COOPER: David you wanted to get in? Then we must move on.
GERGEN: Yes, I just want to say, I think it's inappropriate to use the word "corruption" in describing this and using that on that analogy. I have my problems with Sarah Palin. But on this issue, I do think, A, it's been reported and B, I think a lot depends on state practice and state law and state understandings.
And when it was reported, it was done -- this sounds very strange. I know a lot of other states she was taking per diem staying at home, my God, what are you doing? But within the context of Alaska, there seemed to be a much looser set of standards.
COOPER: OK, we're going to leave it there. A lot more to talk about tonight, David Gergen, Bay Buchanan, Roland Martin. We'll check in with you throughout this hour.
And let us know what you think. Join the conversation online at AC360.com. Check out Erica Hill's live web cast during the break, she just started that.
Just ahead does Palin really think Obama is a socialist? Drew Griffin asks her in an exclusive interview, coming up.
Plus this --
(BEGIN VIDEO CLIP)
DREW GRIFFIN, CNN SPECIAL UNIT INVESTIGATION: Governor, if in two weeks you're not elected, do you come back at the top of the ticket in 2012?
(END VIDEO CLIP)
COOPER: Hear her answer coming up.
Also, Barack Obama "On the Trail" in Florida punching back on taxes and more. And John King and the magic map, breaking it down state by state where the race now stands.
We'll be right back.
(BEGIN VIDEO CLIP)
SEN. BARACK OBAMA, (D) PRESIDENTIAL NOMINEE: What I'm trying to do is provide a tax cut for 95 percent of working families. We are going to roll back the Bush tax cuts on the wealthiest Americans, those making more than $250,000 a year.
Now, Senator McCain, I think over the last several days, has been maybe a little confused about my plan. I'll give him the benefit of the doubt. Maybe he just hasn't read it.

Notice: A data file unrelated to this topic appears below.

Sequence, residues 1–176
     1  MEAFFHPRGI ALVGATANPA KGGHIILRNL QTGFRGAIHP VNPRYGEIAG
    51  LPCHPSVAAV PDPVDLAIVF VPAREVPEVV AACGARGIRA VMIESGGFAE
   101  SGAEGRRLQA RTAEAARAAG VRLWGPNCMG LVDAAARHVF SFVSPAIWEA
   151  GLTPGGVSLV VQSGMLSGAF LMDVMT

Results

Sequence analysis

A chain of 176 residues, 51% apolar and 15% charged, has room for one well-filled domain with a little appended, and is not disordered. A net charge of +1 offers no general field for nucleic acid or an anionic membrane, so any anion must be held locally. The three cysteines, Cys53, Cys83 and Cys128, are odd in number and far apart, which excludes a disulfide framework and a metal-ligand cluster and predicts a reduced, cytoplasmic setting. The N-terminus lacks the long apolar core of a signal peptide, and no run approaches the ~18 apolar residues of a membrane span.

(END VIDEO CLIP)
COOPER: In the swing state of Florida, Barack Obama today at an economic event, in Lake Worth. He's taking a shot at Senator McCain there and McCain is firing back as well, Obama continues to outspend McCain big time.
Obama's fund-raising totals have now passed $450 million and for McCain is more that $230 million. Today, both camps were out in force, pushing their platforms while attacking the challengers. It is down to the wire.
Tonight's "Raw Politics" here's Candy Crowley.
CANDY CROWLEY, CNN SENIOR POLITICAL CORRESPONDENT: His foreign policy resume has become an asterisk to the story of a failing economy. But John McCain sees an opening in Joe Biden's warning that Barack Obama will be tested as JFK was with the Cuban missile crisis. McCain was around at the time.
SEN. JOHN MCCAIN, (R) PRESIDENTIAL NOMINEE: I sat on the cockpit on the flight deck of the "USS Enterprise" off of Cuba. I had a target. My friends, you know how close we came to a nuclear war. America will not have a president who needs to be tested. I've been tested, my friends.
CROWLEY: He spent the day in Pennsylvania. The state is a Herculean task for McCain but the electoral map is closing in. He needs the state's 21 electoral votes to make up for interior west states which may be slipping away. His campaign believes the race in Pennsylvania is closer than the current 13 point spread.
So McCain looks for any wedge. Even the World Series is fair game, so to speak.
MCCAIN: When he's campaigning in Philadelphia, he roots for the Phillies. And when he's campaigning in Tampa Bay, he shows love to the Rays. It's kind of like the way he campaigns on tax cuts.
CROWLEY: Actually, Obama has moved on from the Tampa Bay Rays to Miami and Joe the Plumber.
OBAMA: I've got nothing but love for Joe the Plumber. That's why I want to give him a tax cut.
CROWLEY: This is Obama's second day in Florida, a toss up state he'd like to win but could do without. McCain can't afford to lose it. So Obama is pressing hard; revving up a crowd of 30,000 plus in a Miami Park.
OBAMA: After eight years of Bush-McCain economics, the pie is shrinking. And what's left of the pie has been eaten by millionaires and billionaires. Everybody here wants some pie. We want to grow the pie and then we want a slice of the pie.
CROWLEY: He took the same message to a low energy panel discussing economic solutions and his opponents, known in Obama land as Bush-McCain.
OBAMA: They've offered a little more than willful ignorance, wishful thinking, outdated ideology.
CROWLEY: Fourteen days left and the rhythm of the campaign is set. Barack Obama is looking for the finish line, John McCain searches for an opening.
COOPER: Candy, you said McCain's chances are long in Pennsylvania. What's the status quo in Florida?
CROWLEY: A tossup, Anderson. About a three point edge for Obama. McCain was up until the economy imploded. And I can tell you that the Obama campaign and certainly supporters here in the state think that the long lines for early voting, we had one anecdotal report of a voting place where it took almost three hours to get in to vote.